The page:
Fostering Community on Social Media- Why You Want One and How to Build a Thriving, Loyal Group
Social Media Community represented by fingers with happy faces and clouds
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Building a community is hard work. You start with an idea, a brand or profile, and you hope to end up with an active group of people happy to share ideas, questions and comments. It takes time, commitment, consistency, and motivation even when it seems like it is going nowhere.

For some brands, building a community on social media is quite simple. They already have a great product with millions of fans who love talking about it. The more that product does to enhance the lives of its buyers, the more happy they are to discuss and share it.

But what about the small businesses that want to build community. Those that are mom and pop shops or they only sell very particular items such as alpaca wool.

Why Build a Community in Social Media

Let’s first discuss why they might want to have a community around their products, brand or topic on a social media website.

For starters, a community is a great place to find opportunity.

One person who raises alpacas for example, can find another person who sells the wool at market. It’s much easier for one to pass the wool along to the other person, than to handle every part of the business themselves. They both make more money, and save time.

Community is where you find people who are excited about products. These are the people that tell others, the evangelists, so to speak, who make an immense impact on the business. The is the person who used alpaca wool for knitting and didn’t receive one complaint about how someone was allergic to wool.

She knows that wool sold in stores is treated and causes the allergic reactions and wants everyone to know they can use wool without having problems. Yes, it’s an obscure product, but she is passionate about it, and communities are great for finding passion.

Community is easy to sell to. Generally speaking a community of thousands of people interested in a product, are fairly easy to turn into sales of more product. These are the excited people, who can’t wait for alpaca wool season each year.

They have new items they want to make with it, presents to knit for family, etc. They love the feeling. They save money to be ready when something new comes out, they want to give you their money.

Community is where you get answers. When someone has a question about alpaca wool, where do you think they can easily turn to? Sure, many will Google it, but even Google will refer people to the community to get help.

Everyone in the community is passionate about wool, and they love helping others learn about it, so they are more than willing to answer questions.

Fostering a community is extremely beneficial to a business, as you can see above. Let’s talk about how to get your community started.

How to Build a Community in Social Media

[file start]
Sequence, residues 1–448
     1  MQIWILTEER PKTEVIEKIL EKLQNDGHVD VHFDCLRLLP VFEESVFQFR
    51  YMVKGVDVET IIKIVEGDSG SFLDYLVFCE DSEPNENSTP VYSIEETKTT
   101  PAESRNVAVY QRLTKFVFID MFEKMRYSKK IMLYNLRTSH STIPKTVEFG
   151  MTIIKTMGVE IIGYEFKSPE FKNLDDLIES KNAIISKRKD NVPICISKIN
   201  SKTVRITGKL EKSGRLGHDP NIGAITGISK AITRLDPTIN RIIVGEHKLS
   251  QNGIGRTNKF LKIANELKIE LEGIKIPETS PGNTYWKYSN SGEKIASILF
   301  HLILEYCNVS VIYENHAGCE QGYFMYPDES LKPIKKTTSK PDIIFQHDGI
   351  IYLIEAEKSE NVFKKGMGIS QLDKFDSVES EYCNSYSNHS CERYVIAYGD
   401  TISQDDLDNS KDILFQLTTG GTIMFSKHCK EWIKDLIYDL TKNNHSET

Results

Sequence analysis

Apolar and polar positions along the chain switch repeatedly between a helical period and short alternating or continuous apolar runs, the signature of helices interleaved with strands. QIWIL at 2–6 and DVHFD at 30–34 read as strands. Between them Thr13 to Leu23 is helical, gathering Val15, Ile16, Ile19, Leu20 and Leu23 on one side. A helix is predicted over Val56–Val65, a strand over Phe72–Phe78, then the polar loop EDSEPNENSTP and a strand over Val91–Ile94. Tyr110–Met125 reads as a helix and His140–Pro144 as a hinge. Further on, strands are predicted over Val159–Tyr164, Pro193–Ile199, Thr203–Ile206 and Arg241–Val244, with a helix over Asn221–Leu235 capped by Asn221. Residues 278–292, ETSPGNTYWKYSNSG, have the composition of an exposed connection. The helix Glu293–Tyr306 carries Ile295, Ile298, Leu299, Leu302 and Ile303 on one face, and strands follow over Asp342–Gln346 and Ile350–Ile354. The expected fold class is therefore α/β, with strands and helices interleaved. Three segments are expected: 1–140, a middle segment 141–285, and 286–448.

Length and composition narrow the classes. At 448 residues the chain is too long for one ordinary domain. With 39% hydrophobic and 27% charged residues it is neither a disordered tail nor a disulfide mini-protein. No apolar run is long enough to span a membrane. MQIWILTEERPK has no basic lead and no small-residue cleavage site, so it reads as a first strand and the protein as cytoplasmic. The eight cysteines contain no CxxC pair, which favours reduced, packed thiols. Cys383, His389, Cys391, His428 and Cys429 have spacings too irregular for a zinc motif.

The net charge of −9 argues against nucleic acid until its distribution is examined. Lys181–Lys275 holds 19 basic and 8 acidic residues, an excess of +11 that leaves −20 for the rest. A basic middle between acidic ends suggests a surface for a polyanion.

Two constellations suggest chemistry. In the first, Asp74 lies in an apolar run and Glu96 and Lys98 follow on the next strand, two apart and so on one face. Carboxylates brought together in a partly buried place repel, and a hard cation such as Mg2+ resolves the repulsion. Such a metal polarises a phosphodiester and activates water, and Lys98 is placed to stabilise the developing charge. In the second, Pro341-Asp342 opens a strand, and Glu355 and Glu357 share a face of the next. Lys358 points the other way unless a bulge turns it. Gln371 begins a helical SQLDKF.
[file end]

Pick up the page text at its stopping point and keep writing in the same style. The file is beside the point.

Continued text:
Give yourself time– of course you want your community to start now, but if you don’t have community gathered anywhere to pull from, it is going to take time. You have to start with what you have.

Set up the community, invite people to join, engage those people (no matter how few there are), and work on getting bigger.

Invite people to Join– do you already have a newsletter? a loyal gathering of people who regularly visit your store? A local fanpage of people who seem to love your pizza?

These are all great places to start cultivating your own community. Invite them, tell them how great it is, make sure it is that great, and make sure it gives them something to stick around for.

Engage people who join– every person who comes to check out your community needs a reason to come back. On social media they will receive notifications about your community, so make sure what you post entices them.

As they respond by liking, commenting, retweeting, replying, and sharing, they are more likely to become long time members of the community.

Entertain them– this is where you need to be creative. You need to give them something that makes you stand out from everyone else.

For small local businesses you can hold events where your social media community is engaged offline, at your place of business. For online communities, you can provide a resource, or fun place to gather. Here are some examples:

  • Use characters on your fanpage- Kiwi Crate is a prime example of this.
  • Give something away- daily posts of tools of the day for online buisnesses at Social Media Fuze fanpage
  • Weekly interviews of experts in your topic
  • Weekly guest parties with participants your followers want to hear from
  • Weekly chats on Twitter or Hangouts on Google+ with a loose topic every enjoys
  • Ask me anything posts for your topic- allow fans to ask anything and give them the answer
  • Do something for them – tell them about deals they can get in their area

Make them feel special– One secret to making your community successful is to make each and every member feel like they matter. Reach out to them. See what they need to get from your community and deliver that.

And again, it will take time. There may be times when you have no new followers for days, even over a week.

Your community can be the lifeblood of your business. It takes time to build it, but it is more than worth the effort. If you put a great deal into it, you will, no doubt, end up with a community of people who love your product and look forward to spending their time and money with you.

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